Python requirements poll (closed)
Moin up to 1.8 requires at least Python 2.3 and thus works on most systems out there, because 2.3 is rather old and about every installation is 2.3 or newer.
We would like to raise the requirement to require Python 2.4 for Moin 1.9 or 2.0 (probably not before 2009), but we need to collect some info first how many people would get into trouble if we do that.
Note: Python requirement was raised to >= 2.4 for upcoming MoinMoin 1.9 release. Moin 1.9 is mostly about moving to a WSGI based core. WSGI is a Python standard that is much more recent than Python 2.3 is (and the "werkzeug" WSGI framework we use requires Python 2.4), so Moin 1.9 might not be useful anyway if you have to run Python 2.3 (for that case, please simply stay with moin 1.8.x until you can upgrade to Python 2.4 at least).
All distributions ship 2.4 since quite some time and even 2.5 currently. Release cycles and support cycles are shorter, so it should be no problem requiring 2.4.
Please add infos about Linux distributions typically used on servers / at hosters:
Debian Sarge: Python 2.3.x (but not supported any more by debian security see here)
- Debian Etch: Python 2.4.4
- Debian Lenny: Python 2.5.2
- Ubuntu 6.06 LTS: 2.4.2
- 7.10: 2.5
- 8.04 LTS: Python 2.5.x
- 8.10: Python 2.5.2
RHEL/CentOS 4: 2.3.4
- Full Updates (including hardware updates) to May 15, 2008
- Maintenance (security) Updates to Feb 29, 2012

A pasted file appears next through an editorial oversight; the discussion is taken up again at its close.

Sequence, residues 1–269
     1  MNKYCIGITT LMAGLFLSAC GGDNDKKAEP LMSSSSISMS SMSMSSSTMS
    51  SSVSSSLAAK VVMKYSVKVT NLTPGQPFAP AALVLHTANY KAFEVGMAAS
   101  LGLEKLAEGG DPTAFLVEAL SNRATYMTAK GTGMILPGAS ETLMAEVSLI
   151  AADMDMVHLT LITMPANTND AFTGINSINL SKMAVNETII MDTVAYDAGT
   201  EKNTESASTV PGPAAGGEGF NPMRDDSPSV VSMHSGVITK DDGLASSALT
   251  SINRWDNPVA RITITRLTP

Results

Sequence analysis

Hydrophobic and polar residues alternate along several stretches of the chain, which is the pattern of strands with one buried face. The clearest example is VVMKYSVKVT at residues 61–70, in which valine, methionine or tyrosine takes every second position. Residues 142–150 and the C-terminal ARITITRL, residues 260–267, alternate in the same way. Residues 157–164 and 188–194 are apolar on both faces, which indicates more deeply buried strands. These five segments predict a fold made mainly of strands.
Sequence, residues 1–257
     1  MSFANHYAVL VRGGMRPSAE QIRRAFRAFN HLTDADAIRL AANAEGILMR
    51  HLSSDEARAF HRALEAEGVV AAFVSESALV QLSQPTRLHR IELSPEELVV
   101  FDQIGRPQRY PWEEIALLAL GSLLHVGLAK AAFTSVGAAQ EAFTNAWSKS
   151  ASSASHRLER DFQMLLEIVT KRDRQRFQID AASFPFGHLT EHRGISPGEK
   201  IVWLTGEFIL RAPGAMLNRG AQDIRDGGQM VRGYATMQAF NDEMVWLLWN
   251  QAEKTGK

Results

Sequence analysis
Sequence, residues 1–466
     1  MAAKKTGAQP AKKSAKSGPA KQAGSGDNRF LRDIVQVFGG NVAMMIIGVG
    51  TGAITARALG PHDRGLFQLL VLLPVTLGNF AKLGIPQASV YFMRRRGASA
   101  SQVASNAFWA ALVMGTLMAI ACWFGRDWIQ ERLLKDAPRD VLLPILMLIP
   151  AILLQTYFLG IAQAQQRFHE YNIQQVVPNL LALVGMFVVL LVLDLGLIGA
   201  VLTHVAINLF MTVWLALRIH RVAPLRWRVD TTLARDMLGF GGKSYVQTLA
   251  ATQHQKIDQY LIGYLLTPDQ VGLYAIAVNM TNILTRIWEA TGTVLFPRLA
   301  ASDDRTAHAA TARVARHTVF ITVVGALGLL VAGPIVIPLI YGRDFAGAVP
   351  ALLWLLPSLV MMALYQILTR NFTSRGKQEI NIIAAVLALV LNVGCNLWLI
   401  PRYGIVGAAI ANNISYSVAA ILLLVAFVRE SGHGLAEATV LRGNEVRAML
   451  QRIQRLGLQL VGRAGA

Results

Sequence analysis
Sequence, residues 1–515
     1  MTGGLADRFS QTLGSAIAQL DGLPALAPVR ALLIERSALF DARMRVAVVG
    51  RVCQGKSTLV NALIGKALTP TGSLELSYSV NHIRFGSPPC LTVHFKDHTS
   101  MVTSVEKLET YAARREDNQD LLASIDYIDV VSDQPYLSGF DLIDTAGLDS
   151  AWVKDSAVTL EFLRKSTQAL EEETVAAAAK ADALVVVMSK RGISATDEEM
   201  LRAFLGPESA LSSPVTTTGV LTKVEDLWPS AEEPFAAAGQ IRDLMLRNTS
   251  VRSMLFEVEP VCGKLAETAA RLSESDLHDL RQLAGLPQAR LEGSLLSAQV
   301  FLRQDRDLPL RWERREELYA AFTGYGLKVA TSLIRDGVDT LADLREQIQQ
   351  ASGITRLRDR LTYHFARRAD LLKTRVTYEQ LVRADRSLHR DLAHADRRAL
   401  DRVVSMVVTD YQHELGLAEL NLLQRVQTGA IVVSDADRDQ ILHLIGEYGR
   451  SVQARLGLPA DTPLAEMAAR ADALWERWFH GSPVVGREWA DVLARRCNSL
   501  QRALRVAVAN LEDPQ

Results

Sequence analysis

- How widespread is RHEL/CentOS 4?
- RHEL/CentOS 5: 2.4.3
SuSE SLES9: Python 2.3.3
- support until Sept. 2009?
- how widespread is it?
- SuSE SLES10: Python 2.4.2
- rPath Linux 1: Python 2.4.1
Mac OS X
Regard both (Leopard & Tiger) versions, since Leopard is regarded not switch-worthy by some users.
- 10.6 Snow leopard ships with 2.6.1
- 10.5 Leopard ships with 2.5.1
- 10.4 Tiger ships with 2.3.5
- 10.3 and earlier is dead. Even most Mac developers have long-since dropped support.
Python.org offers an easy click-install packages for Mac users who want to update.
There are various ways to run python on windows:
- Python.org offers an easy click-install packages for Windows users.
ActivePython: versions 22.214.171.124 and 126.96.36.199
movable python: many python versions, up to 2.5
http://blastwave.org/ Python 2.5.x
- FreeBSD 5.x, 6.x, 7.x: Python Versions 2.3 (2.3.7), 2.4 (2.4.5) and 2.5 (2.5.2) are available via the ports-system. Upgrading is mostly painless.
OpenBSD 4.4: Python 2.5.2 package & python 2.6.x port
If you use some popular web / python hosting (not a root server or other server managed by yourself), please add infos about what the hoster offers:
- hoster name: python 2.x.x
webfaction.com: python 2.5 RedHat 3.4.6-3 (but you can easily install your own python in your home dir.)
- goneo.de: python 2.5.2 (FreeBSD 7, at least the version without shell access)
- viaverio.com: python 2.4.3 FreeBSD 4.7
- sourceforge.net: python 2.3.4 (the web server runs an ancient unsupported Fedora Core 2, and basically it's too slow for dynamic pages, but thought I mention it)
- nearlyfreespeech.net: python 2.4.4, python 2.5.2 (FreeBSD)
- pair.com: python 2.5
- dreamhost.com: python 2.3.5
moin 1.8 releases will happen until some time in 2009 (maintenance releases with security fixes).